Broadband anywhere via satellite (1st bird launched)

Dec 10, 2003
Three new Inmarsat 4 communications satellites will provide global broadband Internet access to mobile users for the first time.

The first satellite, launched March 10, will cover most of Europe, Africa, the Middle East, and Asia. The second, planned for summer 2005 launch, will cover South America, most of North America, the Atlantic Ocean and part of the Pacific Ocean.

The new Broadband Global Area Network service will provide telephony, data and high-speed Internet access for laptop and palm-sized terminals at speeds up to 1 Mbps. This will enable business travellers, disaster relief workers, journalists, etc. to operate a virtual office anywhere in the satellite footprint, including maritime or air routes.

For faster access, on-board digital signal processors will route the signals to and from the satellite's different beams, acting like a switchboard in the sky: any uplinked signal can be routed to any mobile downlink beam and vice versa.

The satellites are designed and built by EADS Astrium, Europe's leading satellite manufacturer.

At only 1$ per kilobit of info :lol: lol

I think those satellite phones are like so expensive they arent worth our time. Hopefully this will be affordable.. imagine being able to surf the net anywhere.. Cool Man!
If this becomes financially feasible in the future (how's that for alliteration?), I think this system would be much better than the proposed WiMAX installations. But we shall see.
Man.. Big brother will know every keystroke.. Probably does already..
Any idea how much the service is going to cost? How does it compare to DirecTV's satellite internet service?
HI Bill..

I know that DSL is faster that DirecTV's service. They have a comparison that demonstrates this rather well. Though it is WAYYYY faster than dial up.

If the satelitte Broadband is affordable, the next question, will it truly be mobile? Right now, you have to track the satelitte as you're moving. That's a pretty expensive set up by itself as well as being subject to bumps in the road, trees occluding your view of the bird, buildings, etc. The reciever can be similar to the satelitte radio where the reception of the signal is pretty much omni directional, but I can't see the upload transmission doing that. That's going to need to be pretty directional, at least I would think. Also take into account weather, clouds, solar activity, etc.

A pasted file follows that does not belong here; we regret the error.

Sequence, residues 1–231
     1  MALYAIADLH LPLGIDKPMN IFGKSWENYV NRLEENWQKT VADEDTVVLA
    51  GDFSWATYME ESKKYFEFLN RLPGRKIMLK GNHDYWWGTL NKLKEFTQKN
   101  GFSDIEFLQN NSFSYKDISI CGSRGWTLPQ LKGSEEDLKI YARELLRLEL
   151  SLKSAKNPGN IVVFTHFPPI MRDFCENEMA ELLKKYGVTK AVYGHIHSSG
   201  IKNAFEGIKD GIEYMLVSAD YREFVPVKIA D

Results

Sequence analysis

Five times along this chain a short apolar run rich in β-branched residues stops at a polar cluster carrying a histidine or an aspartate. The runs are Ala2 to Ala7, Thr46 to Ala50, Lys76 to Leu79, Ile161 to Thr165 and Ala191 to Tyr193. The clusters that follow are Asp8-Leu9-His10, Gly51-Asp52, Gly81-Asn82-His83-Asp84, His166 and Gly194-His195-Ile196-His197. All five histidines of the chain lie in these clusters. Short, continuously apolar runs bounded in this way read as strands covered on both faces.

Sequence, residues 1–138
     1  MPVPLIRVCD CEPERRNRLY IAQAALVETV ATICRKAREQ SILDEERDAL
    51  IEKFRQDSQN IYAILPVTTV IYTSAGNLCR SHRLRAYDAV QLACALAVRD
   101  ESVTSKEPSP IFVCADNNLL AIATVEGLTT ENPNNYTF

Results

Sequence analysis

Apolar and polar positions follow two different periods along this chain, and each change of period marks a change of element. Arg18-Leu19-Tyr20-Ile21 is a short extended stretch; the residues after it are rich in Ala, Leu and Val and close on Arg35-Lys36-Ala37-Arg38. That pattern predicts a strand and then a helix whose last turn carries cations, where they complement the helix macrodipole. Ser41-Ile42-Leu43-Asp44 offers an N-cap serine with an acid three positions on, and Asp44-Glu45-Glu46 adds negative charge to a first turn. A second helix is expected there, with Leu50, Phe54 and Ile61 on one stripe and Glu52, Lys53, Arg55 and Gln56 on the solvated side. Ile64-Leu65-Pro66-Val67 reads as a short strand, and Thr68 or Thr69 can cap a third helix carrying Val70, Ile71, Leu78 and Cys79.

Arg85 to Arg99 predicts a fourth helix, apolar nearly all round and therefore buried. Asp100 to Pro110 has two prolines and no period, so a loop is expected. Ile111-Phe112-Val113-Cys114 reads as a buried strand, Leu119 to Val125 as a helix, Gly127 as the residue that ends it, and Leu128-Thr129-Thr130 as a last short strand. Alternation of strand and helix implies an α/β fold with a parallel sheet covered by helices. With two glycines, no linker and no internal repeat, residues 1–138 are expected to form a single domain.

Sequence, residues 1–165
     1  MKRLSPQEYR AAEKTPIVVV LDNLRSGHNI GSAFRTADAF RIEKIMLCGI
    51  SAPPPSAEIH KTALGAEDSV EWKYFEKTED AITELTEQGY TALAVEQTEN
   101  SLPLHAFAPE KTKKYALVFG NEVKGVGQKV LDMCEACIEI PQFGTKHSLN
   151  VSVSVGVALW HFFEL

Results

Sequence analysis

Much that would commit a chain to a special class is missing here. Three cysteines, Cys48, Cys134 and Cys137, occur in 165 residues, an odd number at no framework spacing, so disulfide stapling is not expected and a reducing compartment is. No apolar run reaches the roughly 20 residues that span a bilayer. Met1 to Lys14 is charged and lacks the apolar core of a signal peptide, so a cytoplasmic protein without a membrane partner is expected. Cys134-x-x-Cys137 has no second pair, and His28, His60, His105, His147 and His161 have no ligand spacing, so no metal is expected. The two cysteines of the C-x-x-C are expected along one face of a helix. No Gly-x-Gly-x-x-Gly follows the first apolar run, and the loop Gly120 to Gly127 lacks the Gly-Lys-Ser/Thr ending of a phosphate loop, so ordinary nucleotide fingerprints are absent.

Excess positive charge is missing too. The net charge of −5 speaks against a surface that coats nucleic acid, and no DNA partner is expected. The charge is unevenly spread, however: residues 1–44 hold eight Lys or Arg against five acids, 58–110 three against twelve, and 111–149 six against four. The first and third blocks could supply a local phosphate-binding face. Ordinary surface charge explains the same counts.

On the other hand, it would really be nice IF........
Do we know the size of the antenna/dish? Previous satellite internet service have required small satellite dishes... However, if they can execute it like XM/WxWorx has, they could do a small antenna that's only about the size of a (hockey) puck. Assuming they can do this financially-friendly, I think we'd see the demise of WxWORX given that WxWorx only allows for the used to view a select number of products (no SPC mesoanalysis graphics, not many NWS/SPC products, etc etc)...
Their site said something about a unit the size of a laptop. These new satellites are geostationary so if you aren't moving the don't need to be tracked. I think the techonology is good enough that even if you are moving an omni-directional would be good enough.
I've had a satphone since 2001, and the costs aren't really astronomical.

I've posted about it on here every year, I think, to a consensus reaction of "yawn", which is what I'll surely get again, but whatever.

I fail to understand why so many chasers scoff at the satphone's 9.6k baud rate, when it can be used as you drive, with no dead spots. It works halfway between Trinidad and Springfield. It works everywhere.

Instead, you guys would rather take a 15 minute detour or stop at a hotspot for 10 minutes to save 3 minutes of download time. A radar image takes 45 seconds to download. The antenna is small.

Before initiation, I want to look at a lot of data. I go to a library, or stay in my motel room.

During the chase, there isn't much I need beyond a couple radar images, a sat image, and some quality time on the phone with my nowcaster.

I'd love to get a 1Mbps connection in Timbuktu, sure, but for now I love the insurance that the satphone provides.